Troy, NY – They broke into an apartment in what was called a drug raid. The Troy cops however, did not have a warrant for the search and seizure. Instead, the officers forged an incident report covering up the warrant-less search of the home. Cocaine was reportedly found in the home BUT it was not seized by the officers. This debacle has led to the disbanding of Troy’s undercover drug unit, the Firearms Interdiction and Narcotics Suppression Unit.
Troy cops, Sgt. Ron Epstein and Detective John A. Comitale Jr., were given conditional discharges Tuesday after pleading guilty to concealing their illegal entry into an apartment containing drugs in June 2017. Epstein plead guilty to official misconduct on October 16. Comitale plead guilty to attempted official misconduct. By pleading guilty both officers admitted to violating their oaths of office. The conditional discharges were imposed by Acting State Supreme Court Justice Peter Lynch. The sentence will leave the men with clean records if they avoid future legal problems.
The special prosecutor in the case, Columbia County District Attorney Paul Czajka, said he was satisfied with the sentences.
Lynch described the incident as “an aberration from an otherwise distinguished career” in regards to Epstein.
“The judge did what judges should do, which is look at the total picture of someone’s life,” Michael Koenig, Epstein’s attorney said. “There’s no question (Epstein) made the streets better and the community safer.”
According to the Times Union:
The warrant-less entry June 9, 2017 into an apartment at 112 Oakwood Ave. led to suspensions of the former Firearms Interdiction and Narcotics Suppression Unit, the formal name for the drug unit, while the city department and State Police sorted out what happened.
The cover-up unraveled when two other detectives came forward. That led to the State Police investigation and Czajka’s appointment as special prosecutor.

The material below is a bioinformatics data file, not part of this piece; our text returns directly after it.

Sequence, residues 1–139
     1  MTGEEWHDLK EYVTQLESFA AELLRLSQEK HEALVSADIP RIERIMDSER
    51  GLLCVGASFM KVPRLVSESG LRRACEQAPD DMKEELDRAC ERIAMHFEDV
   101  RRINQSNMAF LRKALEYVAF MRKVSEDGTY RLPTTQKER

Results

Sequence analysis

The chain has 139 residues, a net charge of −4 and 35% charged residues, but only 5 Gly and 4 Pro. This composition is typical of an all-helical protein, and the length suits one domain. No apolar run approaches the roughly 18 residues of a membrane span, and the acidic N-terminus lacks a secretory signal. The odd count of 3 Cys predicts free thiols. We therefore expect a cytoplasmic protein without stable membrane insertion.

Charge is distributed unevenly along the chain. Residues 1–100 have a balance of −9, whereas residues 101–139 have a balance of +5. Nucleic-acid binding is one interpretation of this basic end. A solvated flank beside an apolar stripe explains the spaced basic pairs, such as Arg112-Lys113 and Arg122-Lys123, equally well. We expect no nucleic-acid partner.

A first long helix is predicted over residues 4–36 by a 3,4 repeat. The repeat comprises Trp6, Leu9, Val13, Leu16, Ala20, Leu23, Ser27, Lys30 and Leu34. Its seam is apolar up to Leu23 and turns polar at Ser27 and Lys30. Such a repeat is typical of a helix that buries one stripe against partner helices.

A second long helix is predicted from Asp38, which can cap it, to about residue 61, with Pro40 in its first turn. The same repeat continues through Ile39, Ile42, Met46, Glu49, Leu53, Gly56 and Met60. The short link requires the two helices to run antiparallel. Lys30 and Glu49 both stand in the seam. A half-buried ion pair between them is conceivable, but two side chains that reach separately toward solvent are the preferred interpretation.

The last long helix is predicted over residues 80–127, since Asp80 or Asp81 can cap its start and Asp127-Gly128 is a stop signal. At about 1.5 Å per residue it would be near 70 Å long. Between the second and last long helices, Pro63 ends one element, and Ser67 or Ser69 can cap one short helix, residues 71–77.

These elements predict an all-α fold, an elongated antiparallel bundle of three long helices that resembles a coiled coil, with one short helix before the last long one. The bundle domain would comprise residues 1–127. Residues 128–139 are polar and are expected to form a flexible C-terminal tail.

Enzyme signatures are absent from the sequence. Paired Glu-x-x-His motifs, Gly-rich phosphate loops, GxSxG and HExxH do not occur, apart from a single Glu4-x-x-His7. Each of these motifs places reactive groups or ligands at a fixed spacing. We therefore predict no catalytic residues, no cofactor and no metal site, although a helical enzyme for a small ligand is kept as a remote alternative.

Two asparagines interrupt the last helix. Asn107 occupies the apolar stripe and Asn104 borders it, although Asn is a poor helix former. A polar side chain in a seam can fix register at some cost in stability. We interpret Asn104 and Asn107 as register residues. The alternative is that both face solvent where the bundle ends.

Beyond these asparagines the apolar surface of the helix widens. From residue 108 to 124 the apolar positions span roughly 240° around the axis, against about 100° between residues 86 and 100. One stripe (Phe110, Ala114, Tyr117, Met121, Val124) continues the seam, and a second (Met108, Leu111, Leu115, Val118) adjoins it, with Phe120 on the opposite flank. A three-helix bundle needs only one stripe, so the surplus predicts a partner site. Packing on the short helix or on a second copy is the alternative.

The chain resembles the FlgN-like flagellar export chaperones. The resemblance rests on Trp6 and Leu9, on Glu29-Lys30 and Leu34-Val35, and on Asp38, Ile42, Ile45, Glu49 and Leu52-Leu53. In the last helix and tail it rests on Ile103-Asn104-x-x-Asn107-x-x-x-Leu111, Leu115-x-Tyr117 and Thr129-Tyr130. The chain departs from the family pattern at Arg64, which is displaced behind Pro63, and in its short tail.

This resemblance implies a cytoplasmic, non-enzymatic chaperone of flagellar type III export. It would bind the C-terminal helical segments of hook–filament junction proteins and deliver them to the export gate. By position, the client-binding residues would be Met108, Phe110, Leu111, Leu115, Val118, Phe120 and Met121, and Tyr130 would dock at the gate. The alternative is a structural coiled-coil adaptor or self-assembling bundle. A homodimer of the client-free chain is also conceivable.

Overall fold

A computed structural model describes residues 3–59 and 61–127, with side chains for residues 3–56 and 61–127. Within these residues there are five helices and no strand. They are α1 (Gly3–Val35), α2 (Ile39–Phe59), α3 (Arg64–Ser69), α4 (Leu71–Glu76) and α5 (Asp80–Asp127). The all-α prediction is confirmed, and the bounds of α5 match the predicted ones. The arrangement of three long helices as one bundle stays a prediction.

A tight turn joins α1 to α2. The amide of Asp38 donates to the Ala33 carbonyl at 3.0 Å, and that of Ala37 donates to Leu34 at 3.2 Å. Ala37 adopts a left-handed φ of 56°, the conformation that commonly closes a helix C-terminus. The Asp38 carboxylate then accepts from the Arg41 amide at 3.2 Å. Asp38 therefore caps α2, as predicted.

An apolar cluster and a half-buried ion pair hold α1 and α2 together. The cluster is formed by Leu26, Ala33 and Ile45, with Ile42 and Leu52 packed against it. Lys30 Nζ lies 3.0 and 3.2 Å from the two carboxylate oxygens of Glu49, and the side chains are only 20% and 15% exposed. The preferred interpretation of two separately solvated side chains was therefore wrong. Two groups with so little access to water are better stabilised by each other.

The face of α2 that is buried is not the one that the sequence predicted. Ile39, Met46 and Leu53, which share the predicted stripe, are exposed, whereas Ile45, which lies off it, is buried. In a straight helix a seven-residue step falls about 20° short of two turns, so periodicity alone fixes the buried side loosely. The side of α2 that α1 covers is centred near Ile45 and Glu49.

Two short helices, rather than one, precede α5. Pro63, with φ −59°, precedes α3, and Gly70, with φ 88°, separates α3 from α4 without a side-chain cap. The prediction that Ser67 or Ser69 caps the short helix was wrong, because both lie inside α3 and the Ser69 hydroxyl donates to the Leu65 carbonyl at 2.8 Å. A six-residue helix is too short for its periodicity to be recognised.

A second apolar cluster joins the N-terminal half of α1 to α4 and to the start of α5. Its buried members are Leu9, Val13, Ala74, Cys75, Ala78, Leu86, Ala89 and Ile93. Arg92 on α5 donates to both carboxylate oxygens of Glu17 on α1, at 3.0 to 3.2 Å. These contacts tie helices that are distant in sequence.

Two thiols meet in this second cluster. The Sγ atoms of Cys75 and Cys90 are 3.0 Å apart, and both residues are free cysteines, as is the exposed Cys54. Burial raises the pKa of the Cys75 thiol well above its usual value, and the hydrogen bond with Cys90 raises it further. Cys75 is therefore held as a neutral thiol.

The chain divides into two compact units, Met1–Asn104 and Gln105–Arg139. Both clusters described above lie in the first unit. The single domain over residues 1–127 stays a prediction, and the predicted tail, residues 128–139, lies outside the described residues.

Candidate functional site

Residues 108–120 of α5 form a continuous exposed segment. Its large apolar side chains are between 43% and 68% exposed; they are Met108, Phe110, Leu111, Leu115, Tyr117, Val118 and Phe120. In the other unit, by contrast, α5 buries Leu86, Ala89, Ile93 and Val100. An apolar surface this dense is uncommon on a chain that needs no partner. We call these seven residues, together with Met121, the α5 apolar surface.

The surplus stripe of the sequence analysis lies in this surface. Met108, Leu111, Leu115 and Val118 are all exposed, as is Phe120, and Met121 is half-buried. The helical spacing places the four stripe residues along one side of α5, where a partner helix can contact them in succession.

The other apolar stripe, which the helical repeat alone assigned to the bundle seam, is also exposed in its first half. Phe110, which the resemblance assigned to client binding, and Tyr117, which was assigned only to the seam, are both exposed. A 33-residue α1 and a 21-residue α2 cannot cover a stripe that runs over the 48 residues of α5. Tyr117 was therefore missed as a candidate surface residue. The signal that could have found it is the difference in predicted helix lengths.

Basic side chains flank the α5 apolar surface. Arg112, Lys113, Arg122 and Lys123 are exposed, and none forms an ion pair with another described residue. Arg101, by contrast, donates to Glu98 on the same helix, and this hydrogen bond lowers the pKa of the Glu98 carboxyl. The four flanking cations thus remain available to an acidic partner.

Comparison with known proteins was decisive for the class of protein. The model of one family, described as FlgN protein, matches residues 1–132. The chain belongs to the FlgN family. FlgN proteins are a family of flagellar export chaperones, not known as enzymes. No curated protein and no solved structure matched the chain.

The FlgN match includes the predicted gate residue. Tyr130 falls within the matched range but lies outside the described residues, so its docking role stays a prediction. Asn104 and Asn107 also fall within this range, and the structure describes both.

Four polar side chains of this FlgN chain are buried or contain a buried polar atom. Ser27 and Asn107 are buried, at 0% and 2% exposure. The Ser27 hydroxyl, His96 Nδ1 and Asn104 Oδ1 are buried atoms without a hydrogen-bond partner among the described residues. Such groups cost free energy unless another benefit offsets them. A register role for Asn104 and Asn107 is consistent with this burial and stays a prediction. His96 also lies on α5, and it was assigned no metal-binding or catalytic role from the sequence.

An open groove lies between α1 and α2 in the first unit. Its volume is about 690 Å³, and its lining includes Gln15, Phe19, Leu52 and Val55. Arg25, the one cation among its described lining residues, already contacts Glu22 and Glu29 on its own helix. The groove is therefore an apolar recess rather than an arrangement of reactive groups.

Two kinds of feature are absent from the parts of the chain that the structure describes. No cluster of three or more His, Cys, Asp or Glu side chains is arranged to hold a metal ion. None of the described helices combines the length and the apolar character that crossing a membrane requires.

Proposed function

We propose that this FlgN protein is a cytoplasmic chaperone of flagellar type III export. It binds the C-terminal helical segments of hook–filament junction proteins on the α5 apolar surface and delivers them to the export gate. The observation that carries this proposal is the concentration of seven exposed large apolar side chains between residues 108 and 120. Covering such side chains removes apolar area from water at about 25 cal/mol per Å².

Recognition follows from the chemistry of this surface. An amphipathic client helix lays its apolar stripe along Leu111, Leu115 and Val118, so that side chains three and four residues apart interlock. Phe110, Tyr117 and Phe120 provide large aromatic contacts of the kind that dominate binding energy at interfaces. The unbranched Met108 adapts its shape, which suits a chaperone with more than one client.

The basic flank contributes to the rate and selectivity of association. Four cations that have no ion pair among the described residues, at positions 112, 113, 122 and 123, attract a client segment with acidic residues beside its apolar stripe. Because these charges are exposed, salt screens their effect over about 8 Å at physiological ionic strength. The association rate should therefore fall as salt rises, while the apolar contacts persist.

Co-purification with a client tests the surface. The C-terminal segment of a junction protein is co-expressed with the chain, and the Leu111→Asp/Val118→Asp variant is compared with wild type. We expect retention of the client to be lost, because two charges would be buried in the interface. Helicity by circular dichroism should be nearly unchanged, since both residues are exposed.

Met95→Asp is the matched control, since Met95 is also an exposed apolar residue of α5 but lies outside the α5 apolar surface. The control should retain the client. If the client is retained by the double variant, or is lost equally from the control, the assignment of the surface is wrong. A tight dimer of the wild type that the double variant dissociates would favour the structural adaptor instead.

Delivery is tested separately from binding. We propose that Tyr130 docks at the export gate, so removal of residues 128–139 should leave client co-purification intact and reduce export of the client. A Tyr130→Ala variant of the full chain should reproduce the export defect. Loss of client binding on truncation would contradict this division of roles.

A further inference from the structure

The plea agreement does keep the officers from finding law enforcement work in other cities. Cops that bounce around after leaving one department under a cloud of suspicion are regularly called gypsy cops.
“A large part of this was to end this sad chapter in the Troy Police Department’s history. It was appropriate to resolve the matter this way,” Czajka said when the pair pleaded guilty.
The guilty pleas come just as they pair was heading to trial. Jury selection was already underway for Epstein’s trial while Comitale was scheduled for trial on the 13th of November. The Troy cops avoided having to go to trial and facing several felony convictions by pleading guilty.
Both officers faced misdemeanor counts of second-degree criminal trespass for entering the apartment, and official misconduct for their intent “to conceal their unauthorized and unlawful entry into 112 Oakwood Avenue.”
Epstein was also indicted on four additional felony counts including bribery, offering a false instrument for filing and two counts of falsifying business records. He was indicted on six other misdemeanors,criminal mischief, official misconduct, falsifying business records and offering a false instrument for filing.
Lynch dismissed two felony counts of criminal facilitation in July in response to defense motions. These charges were related to the officers’ alleged failure to seize cocaine found in the Oakwood Avenue residence.